The convoy’s Turkish organizer, Bulent Yildirim, also admitted today that the “activists” indeed seized the soldiers’ pistols, just as Israel claimed.

And anyone who still believes that Hamas cares a fig about the people of Gaza and their “humanitarian crisis” should study its decision not to let Israel transfer the flotilla’s aid cargo to Gaza. Hamas’s social welfare minister, Ahmed al-Kurd, said Hamas wouldn’t let the aid in unless (a) “Israel met all of the group’s conditions” and (b) it got permission from Turkey, where the flotilla was organized. A senior Israeli official from COGAT (the Coordinator of Government Activities in the Territories) asked the obvious question: “If the aid is so urgent, my question is, why are they not allowing it into Gaza?”

Incidentally, the aid totaled “between 70 and 80 truckloads,” the official said. COGAT oversees the transfer of “between 80 and 100 truckloads of humanitarian aid into Gaza every day.”

And anyone who still believes those “peace activists” aboard the Marmara actually care about the people of Gaza and their “humanitarian crisis” should ask himself why they have yet to protest Hamas’s refusal to let the aid in. After all, if their whole purpose was to help needy Gazans, shouldn’t they be a trifle upset that the aid isn’t reaching its intended destination?

Instead, they are actively assisting the obstruction: COGAT said convoy organizers have refused to tell it who the aid’s intended recipients are — information needed to ensure that the cargo reaches its intended destination.

Finally, anyone who still has doubts about which side in this story cares about human life and which doesn’t should ponder these statements by Nilufer Cetin, one of the Turkish activists aboard the ship. Cetin insisted that she was justified in bringing her baby along, even though “we were aware of the possible danger.” She also said that though her husband refused deportation and was thus still in Israel, she opted to return “after Israeli officials warned that jail would be too harsh for her child.”

So who was showing greater concern for the child’s welfare — the woman who deliberately brought him into danger, or the Israelis who persuaded her not to take him to jail?

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UN “Peace” Coordinator: Jewish Heritage an Invalid Concept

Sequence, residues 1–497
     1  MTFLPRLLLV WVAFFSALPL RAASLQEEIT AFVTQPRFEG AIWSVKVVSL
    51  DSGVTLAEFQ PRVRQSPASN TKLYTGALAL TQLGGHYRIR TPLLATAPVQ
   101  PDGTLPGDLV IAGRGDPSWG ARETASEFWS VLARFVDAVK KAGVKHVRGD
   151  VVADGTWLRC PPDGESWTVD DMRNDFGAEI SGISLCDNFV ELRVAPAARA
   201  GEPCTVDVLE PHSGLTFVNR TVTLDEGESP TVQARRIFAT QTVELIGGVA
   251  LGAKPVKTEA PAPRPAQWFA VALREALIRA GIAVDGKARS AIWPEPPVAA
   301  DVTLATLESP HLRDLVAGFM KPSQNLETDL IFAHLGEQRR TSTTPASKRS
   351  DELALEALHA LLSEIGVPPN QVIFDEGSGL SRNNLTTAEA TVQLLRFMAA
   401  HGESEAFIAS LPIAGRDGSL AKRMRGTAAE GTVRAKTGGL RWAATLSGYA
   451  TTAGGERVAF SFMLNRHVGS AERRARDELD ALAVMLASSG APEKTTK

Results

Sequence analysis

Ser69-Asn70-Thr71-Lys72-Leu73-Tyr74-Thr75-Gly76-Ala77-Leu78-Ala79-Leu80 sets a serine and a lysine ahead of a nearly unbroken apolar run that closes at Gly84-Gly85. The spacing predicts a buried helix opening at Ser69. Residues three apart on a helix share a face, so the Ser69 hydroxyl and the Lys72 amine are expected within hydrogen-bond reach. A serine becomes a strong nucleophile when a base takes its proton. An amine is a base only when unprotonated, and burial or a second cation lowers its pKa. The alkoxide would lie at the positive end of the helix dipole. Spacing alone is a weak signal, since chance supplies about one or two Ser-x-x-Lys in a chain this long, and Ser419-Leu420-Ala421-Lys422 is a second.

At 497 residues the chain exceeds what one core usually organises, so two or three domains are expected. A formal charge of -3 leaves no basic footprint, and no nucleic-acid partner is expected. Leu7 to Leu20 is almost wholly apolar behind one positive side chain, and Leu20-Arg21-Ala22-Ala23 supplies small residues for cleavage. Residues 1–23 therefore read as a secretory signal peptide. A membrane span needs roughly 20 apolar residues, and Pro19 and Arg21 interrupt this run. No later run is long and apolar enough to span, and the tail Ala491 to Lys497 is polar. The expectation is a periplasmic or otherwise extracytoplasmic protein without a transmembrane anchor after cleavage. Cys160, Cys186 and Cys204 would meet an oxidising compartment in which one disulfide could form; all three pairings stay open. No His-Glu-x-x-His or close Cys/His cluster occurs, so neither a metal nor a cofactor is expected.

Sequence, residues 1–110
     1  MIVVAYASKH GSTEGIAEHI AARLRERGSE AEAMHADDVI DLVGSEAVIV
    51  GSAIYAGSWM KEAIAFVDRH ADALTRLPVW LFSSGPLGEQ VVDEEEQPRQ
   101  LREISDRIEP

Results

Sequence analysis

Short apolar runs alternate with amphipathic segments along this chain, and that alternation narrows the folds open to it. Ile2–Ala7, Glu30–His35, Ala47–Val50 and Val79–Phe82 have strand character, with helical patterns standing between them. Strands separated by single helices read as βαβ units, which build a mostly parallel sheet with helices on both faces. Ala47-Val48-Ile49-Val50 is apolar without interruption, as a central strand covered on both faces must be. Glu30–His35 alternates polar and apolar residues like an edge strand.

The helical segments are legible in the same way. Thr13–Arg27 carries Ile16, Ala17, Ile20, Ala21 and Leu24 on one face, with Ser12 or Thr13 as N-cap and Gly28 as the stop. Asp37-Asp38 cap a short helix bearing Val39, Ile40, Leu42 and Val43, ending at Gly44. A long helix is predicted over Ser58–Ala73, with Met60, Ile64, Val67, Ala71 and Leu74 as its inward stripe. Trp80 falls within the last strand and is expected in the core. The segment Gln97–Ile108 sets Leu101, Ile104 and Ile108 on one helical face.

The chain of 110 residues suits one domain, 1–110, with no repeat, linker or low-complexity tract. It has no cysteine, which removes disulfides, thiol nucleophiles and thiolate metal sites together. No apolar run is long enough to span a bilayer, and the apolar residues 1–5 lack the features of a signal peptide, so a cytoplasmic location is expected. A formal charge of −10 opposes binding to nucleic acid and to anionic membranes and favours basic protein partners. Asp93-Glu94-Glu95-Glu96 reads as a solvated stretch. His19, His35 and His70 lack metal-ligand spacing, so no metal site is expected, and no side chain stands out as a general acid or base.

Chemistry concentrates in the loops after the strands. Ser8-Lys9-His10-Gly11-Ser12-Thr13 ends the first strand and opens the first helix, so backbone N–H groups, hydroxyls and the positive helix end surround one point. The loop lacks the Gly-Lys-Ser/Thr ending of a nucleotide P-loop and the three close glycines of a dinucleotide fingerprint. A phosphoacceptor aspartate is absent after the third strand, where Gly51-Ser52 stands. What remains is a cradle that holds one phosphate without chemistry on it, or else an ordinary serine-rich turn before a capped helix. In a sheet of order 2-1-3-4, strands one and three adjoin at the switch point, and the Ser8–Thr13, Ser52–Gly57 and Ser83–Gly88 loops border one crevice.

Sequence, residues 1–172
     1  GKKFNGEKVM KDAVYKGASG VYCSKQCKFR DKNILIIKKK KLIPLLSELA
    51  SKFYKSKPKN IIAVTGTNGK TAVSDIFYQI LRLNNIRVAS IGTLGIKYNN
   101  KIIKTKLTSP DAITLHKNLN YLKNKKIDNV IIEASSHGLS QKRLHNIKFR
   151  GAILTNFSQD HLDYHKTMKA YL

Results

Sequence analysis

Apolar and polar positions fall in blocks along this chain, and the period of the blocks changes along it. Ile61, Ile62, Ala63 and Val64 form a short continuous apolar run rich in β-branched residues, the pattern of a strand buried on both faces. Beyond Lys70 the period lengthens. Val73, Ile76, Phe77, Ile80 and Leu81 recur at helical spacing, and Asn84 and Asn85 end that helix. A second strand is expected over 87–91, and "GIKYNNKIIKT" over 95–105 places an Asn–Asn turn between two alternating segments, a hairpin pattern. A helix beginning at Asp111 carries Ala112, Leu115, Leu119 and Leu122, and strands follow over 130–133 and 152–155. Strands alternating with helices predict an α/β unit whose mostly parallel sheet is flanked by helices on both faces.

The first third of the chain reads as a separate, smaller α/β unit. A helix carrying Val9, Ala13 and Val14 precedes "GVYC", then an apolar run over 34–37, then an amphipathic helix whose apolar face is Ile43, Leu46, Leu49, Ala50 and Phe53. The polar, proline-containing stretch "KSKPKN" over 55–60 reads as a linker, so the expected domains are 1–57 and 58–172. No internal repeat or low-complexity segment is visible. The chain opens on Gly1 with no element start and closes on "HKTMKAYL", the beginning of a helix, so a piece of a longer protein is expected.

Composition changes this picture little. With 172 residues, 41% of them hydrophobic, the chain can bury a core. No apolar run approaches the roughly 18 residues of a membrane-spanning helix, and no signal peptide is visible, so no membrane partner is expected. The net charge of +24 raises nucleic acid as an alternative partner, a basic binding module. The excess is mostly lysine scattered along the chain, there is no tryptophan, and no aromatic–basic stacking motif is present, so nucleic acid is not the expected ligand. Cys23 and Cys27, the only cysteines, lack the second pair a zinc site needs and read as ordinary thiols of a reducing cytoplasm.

Earlier today I wrote about the implications of an important new archeological discovery that highlights the 3,000-year-old Jewish heritage in East Jerusalem. Such finds have political significance specifically because the whole focus of Palestinian nationalism has been to deny Jewish ties to the land and to attempt to rewrite history in such a way as to expunge the historicity and continuity of the Jewish presence.

But the reason why this issue is so important was brought home again today by a statement coming from Robert Serry, the United Nations Special Coordinator for the Middle East Peace Process. In it, Serry went out of his way to condemn the recently announced National Heritage Plan announced by Israeli Prime Minister Benjamin Netanyahu because two ancient Jewish religious shrines were included in the list of sites to be preserved and protected. Serry objected to the inclusion of Rachel’s Tomb outside Bethlehem and the Cave of the Patriarchs in Hebron in the list of essential places in Jewish history, because the two are in the West Bank and thus, in his view, “occupied Palestinian territory.” The fact that they are located on land that is subject to dispute between the two parties is of no interest to the UN official who, despite his status as a peace mediator, is ready to dictate where the borders of a putative Palestinian state must be. But Serry’s argument is not merely one of borders, because in the same statement he claimed that the sites “are of historical and religious significance not only to Judaism but also to Islam, and to Christianity as well.”

It is true that Christians and Muslims have an intrinsic interest in any biblical site. And since Muslims, like Jews, consider Abraham to be one of their patriarchs, they have a religious stake in the Cave of the Patriarchs. But Muslims have never been willing to share this most ancient of Jewish shrines with other faiths. Throughout the history of Muslim control of the land of Israel, through the Ottoman era and even during the time of British rule, Jews were forbidden to enter the cave and were, instead, constrained to ascend no higher than the seventh step of the entrance to the sacred place. Jewish prayer inside the cave only resumed in June 1967, after the Israeli conquest of Hebron, after which the two religions have shared the place despite the history of tension and bloodshed in the Hebron area.